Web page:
Then, John Milton, in “Paradise Lost,” seemed to think that the Moon was inhabited by “translated Saints, or Spirits of a middle Nature, betwixt angelical and human Kind.
More recently, in “Shedding Light on His Dark Material,” 21st century authors Kurt Bruner and Jim Ware describe creatures of Plato's “middle nature” as daemons, “giving mortals intercourse with the gods.” According to Bruner and Ware, daemons had (or have) bodies more transparent and fragile than ours. That doesn't entirely fit common faerie lore.
Is this is a spiritual debate, a scientific challenge, or a simple matter of semantics?
In the realm of faerie studies, we can certainly trace a long history of beliefs in “middle” beings, like those described as the “gods and not-gods” of Ireland. They're described as both visible and invisible, with speculation that they live in a world between ours and the spirit world, or even between the surface and deep interior of Earth.
One of the most consistent beliefs about faeries is that they thrive in the “in-betweens,” or in an elusive world that's neither here nor there. Perhaps this references their “middle nature.”
Generous, benign, or malicious?
The daemon concept may be closely linked with faeries. However, those who focus on the malicious nature of faeries are more likely to connect them with demons.
For many people, faeries aren't cute; they aren't funny; and they should not be crossed or even roused.
By contrast, the media give us Tinkerbell, the leprechaun of Lucky Charms cereal, and other faerie stereotypes. They're happy, slightly-mischievous, cartoon characters. Of course no one thinks they're real.
That seems to be what people want: Faeries that aren't dangerous, and fairy tales far removed from the gruesome roots explored by the Brothers Grimm.
More rarely, we see accurate portrayals. The 1998 mini-series, Merlin, described several Arthurian characters as faeries, including Queen Mab and her sister, the Lady of the Lake. In some faerie traditions, the fae world is energized by our belief in the faeries. That concept was well-portrayed in the TV show, and – for some researchers – very purely and literally parallels with the “observer” concept of quantum studies.
Among the most intriguing and best-researched faerie presentations was in the Torchwood TV series' 2006 episode, Small Worlds. Those faeries more closely resembled the terrifying creatures of ancient lore, far removed from Shakespeare's mischievous Robin Goodfellow.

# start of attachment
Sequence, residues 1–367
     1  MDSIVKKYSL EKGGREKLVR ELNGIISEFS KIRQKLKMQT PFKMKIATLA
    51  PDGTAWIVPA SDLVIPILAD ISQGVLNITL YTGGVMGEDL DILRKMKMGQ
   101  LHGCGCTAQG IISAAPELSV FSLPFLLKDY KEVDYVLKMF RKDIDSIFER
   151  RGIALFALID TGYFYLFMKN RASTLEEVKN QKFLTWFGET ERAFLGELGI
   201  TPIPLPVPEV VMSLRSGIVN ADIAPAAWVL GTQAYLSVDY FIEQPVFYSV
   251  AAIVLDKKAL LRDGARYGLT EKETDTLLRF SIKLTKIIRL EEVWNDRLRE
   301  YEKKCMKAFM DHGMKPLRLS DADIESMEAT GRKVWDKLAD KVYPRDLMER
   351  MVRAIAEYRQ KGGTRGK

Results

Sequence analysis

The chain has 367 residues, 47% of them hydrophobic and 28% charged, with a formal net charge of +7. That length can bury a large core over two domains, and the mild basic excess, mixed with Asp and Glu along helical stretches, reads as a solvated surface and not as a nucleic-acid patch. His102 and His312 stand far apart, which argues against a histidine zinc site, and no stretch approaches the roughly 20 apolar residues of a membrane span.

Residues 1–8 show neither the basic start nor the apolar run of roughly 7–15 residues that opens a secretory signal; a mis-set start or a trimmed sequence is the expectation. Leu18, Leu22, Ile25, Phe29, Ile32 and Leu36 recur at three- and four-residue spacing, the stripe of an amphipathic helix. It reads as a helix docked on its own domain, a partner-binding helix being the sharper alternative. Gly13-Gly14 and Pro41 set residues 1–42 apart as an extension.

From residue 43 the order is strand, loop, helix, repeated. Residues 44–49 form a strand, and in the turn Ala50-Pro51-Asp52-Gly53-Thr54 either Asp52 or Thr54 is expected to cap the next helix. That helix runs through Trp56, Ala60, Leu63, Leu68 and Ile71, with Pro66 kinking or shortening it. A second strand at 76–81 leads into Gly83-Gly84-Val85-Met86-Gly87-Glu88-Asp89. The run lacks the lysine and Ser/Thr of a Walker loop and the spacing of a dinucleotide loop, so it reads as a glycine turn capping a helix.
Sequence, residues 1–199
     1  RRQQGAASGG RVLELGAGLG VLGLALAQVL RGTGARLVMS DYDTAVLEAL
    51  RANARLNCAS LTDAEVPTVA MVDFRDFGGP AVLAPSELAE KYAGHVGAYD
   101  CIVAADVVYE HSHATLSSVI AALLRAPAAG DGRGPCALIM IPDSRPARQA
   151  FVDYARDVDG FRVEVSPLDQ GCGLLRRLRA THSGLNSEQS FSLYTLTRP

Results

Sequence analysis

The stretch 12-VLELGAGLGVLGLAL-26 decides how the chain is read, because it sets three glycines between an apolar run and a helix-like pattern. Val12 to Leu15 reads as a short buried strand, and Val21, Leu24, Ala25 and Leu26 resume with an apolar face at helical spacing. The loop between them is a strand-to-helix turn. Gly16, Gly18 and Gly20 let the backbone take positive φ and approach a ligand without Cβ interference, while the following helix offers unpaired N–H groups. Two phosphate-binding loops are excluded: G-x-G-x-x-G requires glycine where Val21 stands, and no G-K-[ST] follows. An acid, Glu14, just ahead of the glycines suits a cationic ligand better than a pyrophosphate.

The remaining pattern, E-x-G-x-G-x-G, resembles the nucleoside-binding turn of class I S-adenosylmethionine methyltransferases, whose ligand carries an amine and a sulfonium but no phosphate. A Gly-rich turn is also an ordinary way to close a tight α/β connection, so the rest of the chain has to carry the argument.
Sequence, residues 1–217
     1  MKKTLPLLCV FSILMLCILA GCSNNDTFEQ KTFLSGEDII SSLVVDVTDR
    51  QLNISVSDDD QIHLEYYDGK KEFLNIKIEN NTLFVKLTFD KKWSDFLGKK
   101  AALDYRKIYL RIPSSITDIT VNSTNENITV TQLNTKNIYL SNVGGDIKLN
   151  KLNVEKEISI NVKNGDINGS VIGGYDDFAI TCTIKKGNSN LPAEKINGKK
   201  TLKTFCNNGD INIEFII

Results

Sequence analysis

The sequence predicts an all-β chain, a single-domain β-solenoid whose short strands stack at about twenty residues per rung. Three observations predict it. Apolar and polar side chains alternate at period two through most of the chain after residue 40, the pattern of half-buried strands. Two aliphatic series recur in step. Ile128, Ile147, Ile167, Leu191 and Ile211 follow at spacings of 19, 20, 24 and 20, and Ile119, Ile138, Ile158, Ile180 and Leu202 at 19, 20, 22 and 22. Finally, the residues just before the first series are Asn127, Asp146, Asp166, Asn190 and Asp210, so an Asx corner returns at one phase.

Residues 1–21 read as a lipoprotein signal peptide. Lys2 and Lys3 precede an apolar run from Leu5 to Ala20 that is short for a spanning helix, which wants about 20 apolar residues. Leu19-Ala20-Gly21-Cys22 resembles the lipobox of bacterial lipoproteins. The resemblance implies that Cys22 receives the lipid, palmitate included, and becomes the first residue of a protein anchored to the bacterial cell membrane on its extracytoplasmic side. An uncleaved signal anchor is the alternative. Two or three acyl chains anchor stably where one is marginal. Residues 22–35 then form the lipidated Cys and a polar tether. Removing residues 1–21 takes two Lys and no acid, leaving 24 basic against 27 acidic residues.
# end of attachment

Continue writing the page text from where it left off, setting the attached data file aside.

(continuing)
Is the word “faeries” -- like “ghosts” -- a term related to phenomena and stereotypes more than a single species or creature?
If we look at faeries from a cross-cultural viewpoint, we see similarities across each category of faeries, whether we're discussing trooping faeries, water spirits, banshees, or companions of the Green Man.
In fact, one of the most compelling arguments favoring the physical reality of faeries is the startlingly similar descriptions across primitive cultures separated by broad geographical distances.
For example, female water spirits in Micronesia, nicknamed “porpoise girls,” resemble several Celtic counterparts, including the Selkies. Likewise, kelpies have similarities with Bishop Fishes of the Baltic Sea. Hindu Apsaras bear similarities to Greece's Naiads and some Melusine of France. Tales from Ireland to New Zealand to the Americas describe a deceitful faerie in a cap (often red), sometimes garbed in feathers that help him to breathe when he travels beneath the water.
However, many faerie similarities can be attributed to global archetypes or contagion of folklore. That's why it's important to examine more modern faerie sightings, and archaeological evidence.
We're far from having a clear answer to the questions raised by faerie history and folklore. In many cases, people may be applying the concept of faeries to phenomena better explained by other causes.